The Lancia Flavia coupe appeared in 1961 and stayed on sale with a name change until 1975. This is the first time I have ever seen one. Ever.
Lancia kept its models in production for a long time in the period before Fiat bought them. As I am not au fait with the intricacies of the Flavia’s history, I can only show these and ask some questions. The Flavia name retired in 1971 according to the commonly accepted history of the car. The name change to 2000 signified a face-lift and a new, bigger engine, going from 1.8 to 2.0 litres. According to Wikipedia the revised “2000” received the 2.0 engine in 1971. This body work is the Series 2 version. So, why does it say “Lancia Flavia” and “2000” on the boot? I found a 1971 car for sale with the same badges.
A former colleague of mine had one of these and raved about the senselessly expensive refinements (dual metal screws? the rifle-bolt gearchange?). Seen up close, I am a bit disappointed. I don’t like the chrome running past the black triangle aft of the side glass. The black bit is there to make the window line look different to the series 1 cars from 1961. Fine, but why carry on the chrome – it just hangs there.
I’m not mad about the way the chrome slats of the grille are finished. The HF version of the car is better: It has a chrome edge around the whole grille aperture. It reminds me of a Bristol 600-series but far nicer. The proportions don’t look so nice in these photos as I have seen in others. As a car with 1960’s architecture, they had a hard time make it fit into the increasingly angular and wedgy world of the 70’s.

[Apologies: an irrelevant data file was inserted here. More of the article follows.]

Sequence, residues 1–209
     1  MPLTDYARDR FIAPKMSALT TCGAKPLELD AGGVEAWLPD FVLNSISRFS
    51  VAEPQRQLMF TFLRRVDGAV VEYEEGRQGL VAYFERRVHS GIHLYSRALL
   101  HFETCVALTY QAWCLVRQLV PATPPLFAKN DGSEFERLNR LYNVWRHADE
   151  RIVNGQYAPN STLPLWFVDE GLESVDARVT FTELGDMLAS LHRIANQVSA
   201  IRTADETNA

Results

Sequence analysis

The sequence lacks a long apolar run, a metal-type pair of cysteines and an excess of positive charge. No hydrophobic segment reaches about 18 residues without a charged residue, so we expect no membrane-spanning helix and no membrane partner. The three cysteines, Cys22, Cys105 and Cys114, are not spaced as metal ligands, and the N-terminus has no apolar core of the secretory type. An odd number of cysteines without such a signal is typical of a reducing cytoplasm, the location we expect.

It’s really another odd Lancia. You can see where the Gamma coupe tail-end design came from. Despite all this, I like the car. You can see that the Kappa coupe’s odd proportions are at least in the tradition of curiously unsuccessfully-styled cars. The saloon is, in the last analysis, a more satisfactory car.
The black and white plates are Danish. The car has been in the same hands since 1971 as it still has the old-style design. If it changes hands tomorrow it will be given a new registration, done in the current style.
I accept my revision ignores the car’s front-drive architecture. Still, it looks better and would have made a fine design for a Bristol.